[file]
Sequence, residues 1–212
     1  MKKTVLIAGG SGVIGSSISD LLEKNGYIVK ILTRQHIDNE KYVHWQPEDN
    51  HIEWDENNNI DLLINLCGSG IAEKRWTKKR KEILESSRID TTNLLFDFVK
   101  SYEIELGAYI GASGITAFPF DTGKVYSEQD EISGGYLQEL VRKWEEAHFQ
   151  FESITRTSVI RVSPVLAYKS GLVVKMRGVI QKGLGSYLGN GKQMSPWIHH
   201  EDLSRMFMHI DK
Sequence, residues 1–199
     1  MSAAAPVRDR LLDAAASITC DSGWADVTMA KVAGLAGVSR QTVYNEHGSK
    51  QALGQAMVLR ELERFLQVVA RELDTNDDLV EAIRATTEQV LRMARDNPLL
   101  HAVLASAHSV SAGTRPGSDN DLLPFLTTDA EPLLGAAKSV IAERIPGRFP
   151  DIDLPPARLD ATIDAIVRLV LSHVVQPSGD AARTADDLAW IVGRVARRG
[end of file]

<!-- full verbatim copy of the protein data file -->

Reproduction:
Sequence, residues 1–212
     1  MKKTVLIAGG SGVIGSSISD LLEKNGYIVK ILTRQHIDNE KYVHWQPEDN
    51  HIEWDENNNI DLLINLCGSG IAEKRWTKKR KEILESSRID TTNLLFDFVK
   101  SYEIELGAYI GASGITAFPF DTGKVYSEQD EISGGYLQEL VRKWEEAHFQ
   151  FESITRTSVI RVSPVLAYKS GLVVKMRGVI QKGLGSYLGN GKQMSPWIHH
   201  EDLSRMFMHI DK
Sequence, residues 1–199
     1  MSAAAPVRDR LLDAAASITC DSGWADVTMA KVAGLAGVSR QTVYNEHGSK
    51  QALGQAMVLR ELERFLQVVA RELDTNDDLV EAIRATTEQV LRMARDNPLL
   101  HAVLASAHSV SAGTRPGSDN DLLPFLTTDA EPLLGAAKSV IAERIPGRFP
   151  DIDLPPARLD ATIDAIVRLV LSHVVQPSGD AARTADDLAW IVGRVARRG